When she picked up the dog at the end of the day, she wrapped me in a giant hug, and then she showed me pictures of the car. No one should have been alive with the extent of the damage. Her hands were steady, but her voice still shook. She gave me another hug and whispered, “You were my angel today. Thank you for being there. Thank you for saving my baby’s life. You are a blessing from God.”

I fought tears that swam in my eyes. I am so thankful that I was present today; that I was willing to do more than “just my job.” I was able to be God’s hands and feet on earth. I am so thankful that I was given the opportunity to help someone. What I did wasn’t much, but it was everything to this woman and her dog.

Please, take the time to do something small (or large) to help someone. Listen when they are in pain. Be there when they need a shoulder to cry on or a hug to lean into. Please keep this family in your prayers.

Merry Christmas 2014!

This past year has been an adventure. Seeing the joy of Christmas around the world has brightened my day and brings me great happiness.

For the past month, I have been working on St. John in the US Virgin Islands doing relief work. I have had many crazy experiences and have been blessed to meet many wonderful people. Although it is hard to be away from home for the holidays, I am thankful to be here. I would like to share a couple of stories from the St. John Animal Care Center, the only shelter here on the island. Since I am working at Canines, Cats, & Critters, the only veterinary clinic on the island, we see all of the animals.

The first is Churchill. Churchill is a spunky little guy that unfortunately had a run in with another dog the other day. After some immediate treatment to keep him alive and supportive care, Dr. Laura, the owner of CCC, came over from one of the offices on another island and performed surgery to close the hole in Churchill’s chest wall and repair his broken ribs. He is a fighter and is doing well now. Hoping to find a forever home!

Churchill the day after surgery.

Churchill the day after surgery.King on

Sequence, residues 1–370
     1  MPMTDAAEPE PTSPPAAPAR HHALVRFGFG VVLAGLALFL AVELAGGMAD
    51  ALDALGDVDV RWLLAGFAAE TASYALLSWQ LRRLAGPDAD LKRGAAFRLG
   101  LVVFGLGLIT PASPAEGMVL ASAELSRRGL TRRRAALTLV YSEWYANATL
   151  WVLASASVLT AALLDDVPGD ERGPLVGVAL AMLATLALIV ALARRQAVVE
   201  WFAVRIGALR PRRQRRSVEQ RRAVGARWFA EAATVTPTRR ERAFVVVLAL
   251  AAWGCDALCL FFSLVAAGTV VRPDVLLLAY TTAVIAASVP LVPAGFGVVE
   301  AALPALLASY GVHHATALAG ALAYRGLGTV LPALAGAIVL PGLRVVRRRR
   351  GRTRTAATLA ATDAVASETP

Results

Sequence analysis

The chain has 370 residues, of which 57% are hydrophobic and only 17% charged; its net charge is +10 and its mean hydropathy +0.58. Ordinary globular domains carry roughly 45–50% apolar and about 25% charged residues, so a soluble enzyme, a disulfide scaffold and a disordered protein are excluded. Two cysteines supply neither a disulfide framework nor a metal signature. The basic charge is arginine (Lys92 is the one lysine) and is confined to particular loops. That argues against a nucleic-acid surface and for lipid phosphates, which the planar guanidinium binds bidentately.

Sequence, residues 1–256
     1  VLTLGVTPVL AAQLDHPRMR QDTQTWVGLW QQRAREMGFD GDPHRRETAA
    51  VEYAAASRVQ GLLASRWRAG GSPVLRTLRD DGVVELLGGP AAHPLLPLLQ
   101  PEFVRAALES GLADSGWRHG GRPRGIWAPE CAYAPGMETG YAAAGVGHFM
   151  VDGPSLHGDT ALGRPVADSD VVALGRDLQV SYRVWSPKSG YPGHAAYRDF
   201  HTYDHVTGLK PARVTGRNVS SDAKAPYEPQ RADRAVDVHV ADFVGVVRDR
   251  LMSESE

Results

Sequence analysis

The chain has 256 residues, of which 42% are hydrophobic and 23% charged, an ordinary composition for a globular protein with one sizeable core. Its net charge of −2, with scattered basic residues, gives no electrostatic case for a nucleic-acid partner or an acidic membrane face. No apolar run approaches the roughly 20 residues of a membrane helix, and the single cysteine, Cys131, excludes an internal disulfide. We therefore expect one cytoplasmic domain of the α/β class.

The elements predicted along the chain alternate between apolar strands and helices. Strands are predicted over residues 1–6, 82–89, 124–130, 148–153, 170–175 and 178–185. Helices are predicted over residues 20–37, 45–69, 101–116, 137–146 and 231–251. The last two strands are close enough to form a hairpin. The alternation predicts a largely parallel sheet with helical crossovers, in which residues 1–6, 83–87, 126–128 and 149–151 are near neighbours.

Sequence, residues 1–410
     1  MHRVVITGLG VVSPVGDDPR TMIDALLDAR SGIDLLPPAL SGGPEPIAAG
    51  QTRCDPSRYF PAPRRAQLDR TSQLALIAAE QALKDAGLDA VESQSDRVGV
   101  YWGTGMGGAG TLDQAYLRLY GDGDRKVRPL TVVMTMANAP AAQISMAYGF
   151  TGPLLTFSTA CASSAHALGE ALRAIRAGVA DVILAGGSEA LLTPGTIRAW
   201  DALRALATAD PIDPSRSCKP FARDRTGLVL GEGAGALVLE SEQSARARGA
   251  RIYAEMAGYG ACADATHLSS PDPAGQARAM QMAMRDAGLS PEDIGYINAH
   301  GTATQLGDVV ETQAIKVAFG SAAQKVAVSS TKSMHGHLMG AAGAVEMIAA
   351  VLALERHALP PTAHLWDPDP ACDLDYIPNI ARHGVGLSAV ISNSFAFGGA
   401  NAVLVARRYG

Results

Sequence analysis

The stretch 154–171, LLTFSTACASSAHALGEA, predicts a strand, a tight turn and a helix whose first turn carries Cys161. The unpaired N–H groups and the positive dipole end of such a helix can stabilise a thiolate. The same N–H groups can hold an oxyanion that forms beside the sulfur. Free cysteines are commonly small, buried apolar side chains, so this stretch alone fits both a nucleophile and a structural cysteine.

The second is Dulce. Dulce is a sweet little girl that was brought into the shelter with the rest of her litter. She has been nice and healthy. Due to the generosity and love of others, she was able to leave for her forever home on Christmas Eve. Dr. Laura was delivering her to her new family in Maine. Many of the dogs from the island get adopted by people, most often living in the USA. Many of them will have a human escort to get to their new family. Others fly solo. Thankfully, Dr. Laura was able to go home to visit her family in the northeast USA for Christmas this year and take Dulce at the same time.

Dulce says goodbye and thank you!

Dulce says goodbye and thank you!

My final Christmas star, is King. King has had a rough life so far. Thankfully, his former owner brought King to the shelter when he finally realized that he could not care for him. King had stopped eating and his previous owner could not afford veterinary care. The ACC took King in and brought him to us at CCC. King weighed in at 38 pounds upon arrival and it has been a tough road getting him to eat anything. King is heartworm positive and extremely malnourished, although he has started to gain a little weight. We are doing all we can to get him strong enough for heartworm treatment. He is a very sweet boy, although not really a fan of other animals, he LOVES people! Today, King celebrated Christmas at CCC with a big squishy bed that was donated by a wonderful family for his comfort.